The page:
Has the strength to dominate as a run blocker.
Effectively takes out two defenders on this reverse.
Although my expectations were relatively low based off the Combine, I came away impressed with how he did in college.
But does it translate? I see some qualities in Moses I currently see in Mike Adams. Has the natural gifts. Huge frame. Long arms. Innate strength. Some athleticism. But he’s not a technician and appears to be getting by on those physical tools. Won’t last at the next level. At least, not at left tackle.
Issues with his foundation. It’s not terrible but there is a tendency to lean over. Leaning Tower of Pisa foundation I noted with Antonio Richardson. See some flatback in pass protection I’d rather not.
Problems with his base. Feet will stop on his punch and he is forced to use his length to seal the end upfield.
Same play but broken down in stills.
Kickslides off the ball (does show that wide base)
Punch, makes contact. So far, not bad.
Feet stop, Moses in trail position.
Same against Georgia Tech.
His kickslide isn’t bad but when sliding laterally, he’ll lose his base.
In my gut, he isn’t going to stay at left tackle. That sentence needs to be qualified with the realization that he has only spent one year on that side and isn’t likely completely comfortable there. Especially spending the previous three seasons developing the muscle memory to kickslide from the right side. Flozell Adams has compared it to writing with your other hand.
Still, I see Moses as a right tackle who will be a strong run blocker and at worst, average pass protector. Going to have to really work at his technique and clean it up. Will no longer be able to get solely by on those physical traits. But the potential is there and he likely won’t struggle with it as much as Mike Adams. That’s borderline impossible. Now, if Moses can’t overcome that, then he’s not going to be a starting-caliber tackle. Leap of faith involved with selecting him.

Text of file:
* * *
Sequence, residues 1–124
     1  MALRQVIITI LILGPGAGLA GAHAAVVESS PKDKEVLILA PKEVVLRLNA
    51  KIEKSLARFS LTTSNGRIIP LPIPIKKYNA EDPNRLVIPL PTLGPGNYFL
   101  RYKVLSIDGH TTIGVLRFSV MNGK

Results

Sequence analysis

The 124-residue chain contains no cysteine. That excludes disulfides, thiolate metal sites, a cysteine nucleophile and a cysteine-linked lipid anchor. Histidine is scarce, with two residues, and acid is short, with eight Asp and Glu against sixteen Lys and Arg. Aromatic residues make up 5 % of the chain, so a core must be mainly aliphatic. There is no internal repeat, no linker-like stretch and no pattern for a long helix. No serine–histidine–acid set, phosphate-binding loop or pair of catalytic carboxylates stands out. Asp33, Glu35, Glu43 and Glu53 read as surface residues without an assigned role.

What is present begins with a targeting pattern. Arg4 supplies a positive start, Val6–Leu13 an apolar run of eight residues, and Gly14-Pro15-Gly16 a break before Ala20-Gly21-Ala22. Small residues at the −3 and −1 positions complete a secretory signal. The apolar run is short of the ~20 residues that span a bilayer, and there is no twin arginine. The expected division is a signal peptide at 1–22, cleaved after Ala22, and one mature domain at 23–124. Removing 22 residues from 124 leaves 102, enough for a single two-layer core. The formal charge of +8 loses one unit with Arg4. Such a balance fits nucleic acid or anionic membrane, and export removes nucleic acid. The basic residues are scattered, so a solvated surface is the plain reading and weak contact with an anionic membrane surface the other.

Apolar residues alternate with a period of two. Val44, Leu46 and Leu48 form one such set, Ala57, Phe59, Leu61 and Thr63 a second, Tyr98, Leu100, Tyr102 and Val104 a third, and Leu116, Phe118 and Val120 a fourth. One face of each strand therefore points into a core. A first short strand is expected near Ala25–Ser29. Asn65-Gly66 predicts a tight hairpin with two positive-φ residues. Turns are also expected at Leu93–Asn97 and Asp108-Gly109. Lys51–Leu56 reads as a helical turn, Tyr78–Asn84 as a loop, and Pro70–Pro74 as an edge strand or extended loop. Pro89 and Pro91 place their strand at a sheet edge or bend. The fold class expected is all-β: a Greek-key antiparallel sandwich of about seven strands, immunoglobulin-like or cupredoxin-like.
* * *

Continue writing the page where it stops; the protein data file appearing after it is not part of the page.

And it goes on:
As we’ve talked about, the Steelers don’t have a pressing need for an offensive tackle. The principle to be taken away from this is the concept that tape overrides what you see at the Combine.
Projection: Mid–Late Second
Games Watched: vs Oregon, at Pittsburgh, vs Georgia Tech, vs Virginia Tech
Previous Scouting Reports:
Buffalo LB Khalil Mack
Illinois State T/G Josh Aladenoye
Penn State WR Allen Robinson
Stanford ILB Shayne Skov/a>
Florida State WR Kelvin Benjamin
North Carolina TE Eric Ebron
Auburn T Greg Robinson
Minnesota DT Ra’Shede Hageman
Notre Dame NT Louis Nix III
Auburn LB Dee Ford
Texas Tech TE Jace Amaro
North Dakota State T Billy Turner
Boston College RB Andre Williams
South Carolina DE Jadeveon Clowney
BYU OLB Kyle Van Noy
Pittsburgh DT Aaron Donald
Tennessee NT Daniel McCullers
Colorado State DE/OLB Shaquil Barrett
Alabama T Cyrus Kouandjio
Tennessee T Antonio Richardson
Central Florida RB Storm Johnson
Virginia Tech CB Kyle Fuller
Alabama S Ha Ha Clinton-Dix
West Virginia DE Will Clarke
Louisville S Calvin Pryor
Wisconsin ILB Chris Borland
Vanderbilt WR Jordan Matthews